When I had my own classroom last year, I had a poster hanging on the wall just like the one below. I really wanted my students to think about the power of their words before they came out of their mouth. At the beginning of the year, we squeezed a tube of toothpaste and then tried to put the toothpaste back into the tube as an illustration that you can never take back words once they have been spoken. We weren't successful 100% of the time, but I heard snippets of conversations from time to time where students would ask or tell each other, "Is that inspiring?" "Was that helpful?" It made me proud to know that some of my students really took that to heart.
This year, since stepping out of the classroom into a leadership position, I've really thought about the words that come out of my own mouth and the power they have. I haven't been perfect, not even close. There have been days where I've said the wrong thing, but I've owned it. There have been days where the words I spoke were taken out of context or misconstrued. Only I know the intent behind those conversations. But, I've really been pondering the way teachers speak. Last year, I had the amazing opportunity to meet Ron Clark and he made a comment that jumped off of the stage and has stuck with me. I know I won't get it exactly right, but he spoke about how teachers are the world's worst at tearing each other apart. He gave several examples that I could really relate to…"Look at her working late. She's doing it for recognition." or "Dressing up for costumes is just a way to get attention. There's not time for that."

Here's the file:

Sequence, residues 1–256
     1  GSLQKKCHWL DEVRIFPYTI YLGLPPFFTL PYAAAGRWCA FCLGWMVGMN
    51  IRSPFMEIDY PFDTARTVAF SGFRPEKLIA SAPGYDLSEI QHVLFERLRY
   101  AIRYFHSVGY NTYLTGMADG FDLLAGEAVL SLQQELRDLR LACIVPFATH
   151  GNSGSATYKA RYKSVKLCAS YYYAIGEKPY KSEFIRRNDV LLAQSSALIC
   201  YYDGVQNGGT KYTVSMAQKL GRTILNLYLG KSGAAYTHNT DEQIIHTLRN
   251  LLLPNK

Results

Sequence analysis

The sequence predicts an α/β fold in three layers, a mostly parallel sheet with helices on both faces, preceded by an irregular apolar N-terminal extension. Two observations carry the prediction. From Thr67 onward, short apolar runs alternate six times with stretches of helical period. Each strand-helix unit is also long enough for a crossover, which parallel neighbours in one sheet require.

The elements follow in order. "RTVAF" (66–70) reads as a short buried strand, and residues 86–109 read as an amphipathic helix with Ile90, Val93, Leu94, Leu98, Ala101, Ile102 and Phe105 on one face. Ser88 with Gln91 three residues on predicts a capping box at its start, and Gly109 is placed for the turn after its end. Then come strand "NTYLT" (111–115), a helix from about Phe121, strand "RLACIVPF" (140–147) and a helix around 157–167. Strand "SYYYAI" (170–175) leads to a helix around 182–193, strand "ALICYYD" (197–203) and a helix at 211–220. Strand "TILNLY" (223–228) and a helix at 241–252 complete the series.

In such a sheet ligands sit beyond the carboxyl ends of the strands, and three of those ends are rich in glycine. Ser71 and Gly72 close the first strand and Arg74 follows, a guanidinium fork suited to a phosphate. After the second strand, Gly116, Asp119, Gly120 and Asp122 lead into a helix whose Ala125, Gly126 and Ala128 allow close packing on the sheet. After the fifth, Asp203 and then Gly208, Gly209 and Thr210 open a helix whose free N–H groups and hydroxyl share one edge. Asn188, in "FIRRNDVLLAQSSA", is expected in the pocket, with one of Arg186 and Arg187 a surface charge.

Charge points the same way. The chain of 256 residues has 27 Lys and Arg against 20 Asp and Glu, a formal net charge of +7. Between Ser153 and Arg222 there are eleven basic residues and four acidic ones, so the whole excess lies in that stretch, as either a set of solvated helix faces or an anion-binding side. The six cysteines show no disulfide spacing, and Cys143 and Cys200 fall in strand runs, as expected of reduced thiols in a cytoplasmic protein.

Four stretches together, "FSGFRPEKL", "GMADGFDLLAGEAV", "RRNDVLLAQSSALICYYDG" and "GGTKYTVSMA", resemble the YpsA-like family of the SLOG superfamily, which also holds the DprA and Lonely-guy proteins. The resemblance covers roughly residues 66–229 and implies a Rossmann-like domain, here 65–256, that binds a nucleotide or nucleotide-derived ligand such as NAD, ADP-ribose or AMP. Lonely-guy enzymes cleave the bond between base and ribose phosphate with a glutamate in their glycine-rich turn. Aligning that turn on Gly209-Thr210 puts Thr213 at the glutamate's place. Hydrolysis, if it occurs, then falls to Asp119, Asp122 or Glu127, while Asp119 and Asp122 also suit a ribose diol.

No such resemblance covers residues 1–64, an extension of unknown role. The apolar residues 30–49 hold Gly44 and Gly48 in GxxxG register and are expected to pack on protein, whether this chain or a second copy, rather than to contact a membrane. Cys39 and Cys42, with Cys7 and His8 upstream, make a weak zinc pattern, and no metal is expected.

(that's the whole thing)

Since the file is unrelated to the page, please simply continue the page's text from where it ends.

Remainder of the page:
I thought back to the many, many days I ate lunch in teachers' lounges, attended professional developments, etc. and heard those very same comments about teachers who are in the trenches in all out warfare for their students. I thought about the teachers who made the comments and the teachers whom the comments were about. It broke my heart and continues to break my heart. Teachers should be bound together by a code, much like the Navy Seals. They never leave a man behind, and never talk bad about one of the team. They do everything they can to make sure everyone comes out of a mission successful.
As teachers, we need to band together and lift each other up every where and in everything that we do. We should be knocking on the doors of teachers in our building and asking if there is any help that is needed and asking for help ourselves.
We have a greater mission than of ourselves. Those little guys, and big ones too, who sit in the desks in our classrooms deserve a "team" of professionals that value each other, learn from each other, encourage each other. That positive energy feeds into our students, who then take it to each other. If teachers model positivity, just think about what our students would do.
Being positive or negative is a choice. One that we must make many times in a single day. But we have the power to choose it ourselves. So, if you choose to be positive, pull up a chair beside me at the lunch table and let's talk about how amazing your students are. If you choose to be the negative nelly - about teachers or students - I'd really prefer that you sit somewhere else.